A new preclinical study done done by University of Texas at Dallas researcher indicates that vagus nerve stimulation therapy (VNS) might have the advantage to help persons overcome drug dependency by helping them be develop new behaviors from drug seeking behaviours.
The new research, released in the journal Learning and Memory, found that drug cravings in addicted rats were diminished when they had been treated with VNS. It’s feasible that the study could be applied to humans who have been addicted to drugs according to the senior author Dr. Sven Kroener, assistant professor in the School of Behavioral and Brain Sciences.
According to him they are studying extinction learning and how vagus nerve stimulation can help people study a new behaviour that’s different to an existing, maladaptive habit like drug taking. When a person is hooked on a drug, extinction is a process to help them study behaviors so they are capable to take more actions.
Vagus nerve stimulation involves sending a light electric pulse through the vagus nerve, which is in the neck. VNS already has been permitted by the US FDA as a medication for particular illnesses, similar to depression and epilepsy.
UT Dallas is a main hub of VNS study, with trials presently being done on how the procedure can probably aid people recuperate from paralysis from stroke, post-traumatic stress disorder, anxiety or tinnitus.
For the present study, Jessica Childs, a graduate student in Kroener’s lab, utilized VNS to a test group of rats used within the study in a method called “extinction studying” to assess whether the process would help the animals be trained with behaviors and curb their drug cravings. Like Kroener’s study on anxiety, the drug addiction study sought to extinguish memories.
Extinction of fearful memories and extinction of drug-seeking memories relies on the same substrate in the brain. In our experiments, VNS enables both the extinction learning and reduces the relapse response as well.
The authors commented that the identical thought will also be utilized to persons looking to overcome a dependency to medicinal drugs; they quite often need to gain knowledge of a new behaviour that competes with their old habits.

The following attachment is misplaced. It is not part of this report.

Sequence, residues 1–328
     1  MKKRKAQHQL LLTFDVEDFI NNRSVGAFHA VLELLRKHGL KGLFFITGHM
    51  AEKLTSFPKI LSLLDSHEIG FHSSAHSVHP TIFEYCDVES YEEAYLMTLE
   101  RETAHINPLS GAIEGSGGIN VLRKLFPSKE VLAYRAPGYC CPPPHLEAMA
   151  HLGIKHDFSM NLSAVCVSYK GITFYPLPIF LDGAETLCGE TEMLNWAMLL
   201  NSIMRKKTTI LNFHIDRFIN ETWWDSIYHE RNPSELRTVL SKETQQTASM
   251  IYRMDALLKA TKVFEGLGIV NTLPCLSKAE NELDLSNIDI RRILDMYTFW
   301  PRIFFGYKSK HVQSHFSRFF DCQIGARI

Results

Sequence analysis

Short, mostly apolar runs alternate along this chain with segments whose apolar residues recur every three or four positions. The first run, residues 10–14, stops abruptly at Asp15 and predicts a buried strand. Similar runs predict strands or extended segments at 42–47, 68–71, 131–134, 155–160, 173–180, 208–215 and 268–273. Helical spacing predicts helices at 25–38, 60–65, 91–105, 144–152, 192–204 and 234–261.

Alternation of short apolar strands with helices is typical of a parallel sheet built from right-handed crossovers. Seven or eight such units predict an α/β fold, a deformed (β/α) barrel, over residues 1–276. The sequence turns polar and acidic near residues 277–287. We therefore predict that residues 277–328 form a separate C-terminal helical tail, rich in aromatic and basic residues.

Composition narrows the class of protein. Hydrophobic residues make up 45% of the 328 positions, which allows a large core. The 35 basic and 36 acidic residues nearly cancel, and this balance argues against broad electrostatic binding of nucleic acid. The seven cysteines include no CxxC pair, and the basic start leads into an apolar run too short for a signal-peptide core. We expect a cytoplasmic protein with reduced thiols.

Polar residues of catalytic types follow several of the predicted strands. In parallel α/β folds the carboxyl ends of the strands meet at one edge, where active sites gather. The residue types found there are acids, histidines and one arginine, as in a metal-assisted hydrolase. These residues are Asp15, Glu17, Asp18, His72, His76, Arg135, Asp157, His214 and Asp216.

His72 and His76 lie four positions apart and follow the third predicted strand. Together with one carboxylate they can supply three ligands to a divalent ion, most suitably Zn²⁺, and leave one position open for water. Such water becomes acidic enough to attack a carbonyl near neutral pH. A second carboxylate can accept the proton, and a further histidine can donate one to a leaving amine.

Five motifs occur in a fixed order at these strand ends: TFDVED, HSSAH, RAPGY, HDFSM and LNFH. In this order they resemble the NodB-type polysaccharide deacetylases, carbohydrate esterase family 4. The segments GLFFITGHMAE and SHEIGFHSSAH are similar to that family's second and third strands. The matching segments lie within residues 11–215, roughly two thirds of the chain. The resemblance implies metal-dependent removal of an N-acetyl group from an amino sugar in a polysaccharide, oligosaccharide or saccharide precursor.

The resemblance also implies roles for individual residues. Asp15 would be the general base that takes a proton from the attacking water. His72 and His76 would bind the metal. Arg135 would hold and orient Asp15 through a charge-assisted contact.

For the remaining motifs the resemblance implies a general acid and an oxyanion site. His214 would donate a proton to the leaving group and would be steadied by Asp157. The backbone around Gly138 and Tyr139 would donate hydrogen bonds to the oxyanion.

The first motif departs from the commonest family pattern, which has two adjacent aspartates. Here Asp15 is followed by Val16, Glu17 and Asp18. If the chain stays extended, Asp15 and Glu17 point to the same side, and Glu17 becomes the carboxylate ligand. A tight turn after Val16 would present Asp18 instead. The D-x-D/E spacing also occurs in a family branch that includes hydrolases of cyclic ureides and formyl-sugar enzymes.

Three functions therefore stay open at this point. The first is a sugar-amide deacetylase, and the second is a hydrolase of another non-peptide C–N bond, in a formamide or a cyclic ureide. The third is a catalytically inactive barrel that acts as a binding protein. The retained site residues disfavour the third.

They further added that this is what you wish to have in addiction treatment. You wish to reinforce behaviors that inhibit the old dangerous habits — do anything else, and spend your time more productively.
The rats in the study of would press a lever that furnished them with a drug and also induced a tone and a light. One day, nonetheless, pressing the lever stopped offering the drug, and the light and tone additionally disappeared. The authors forced them into withdrawal, additionally still retaining them in the equal context — in the identical surroundings with the identical lever. But now after they press the lever, the lights and tone will not be coming on anymore.
He stated, nonetheless, that the animals did not ever forget the usual drug-paired cues. Instead, learned something new that competes with the old memories — on this case, that pressing the lever produces no light, no tone and no drug. Over time, the animals press the lever less most often, but they rarely stop pressing fully.
According to the researchers, the rats still investigate a couple of instances each session, considering there might be something which will occur. They go from 60 lever presses all the way down to whatever like 10 per session. They evidently have not forgotten what the lever used to do and nonetheless have cravings for the drug.
Finally, the light and tone (however no longer the drug) have been reinstated, inflicting severe cravings within the animals and a relapse to drug-seeking, which results in more lever presses. However, the animals that experienced VNS cure during the extinction segment of the experiment pressed the lever less in most cases, by around 40 or 50 percent which means that their craving was so much lowered.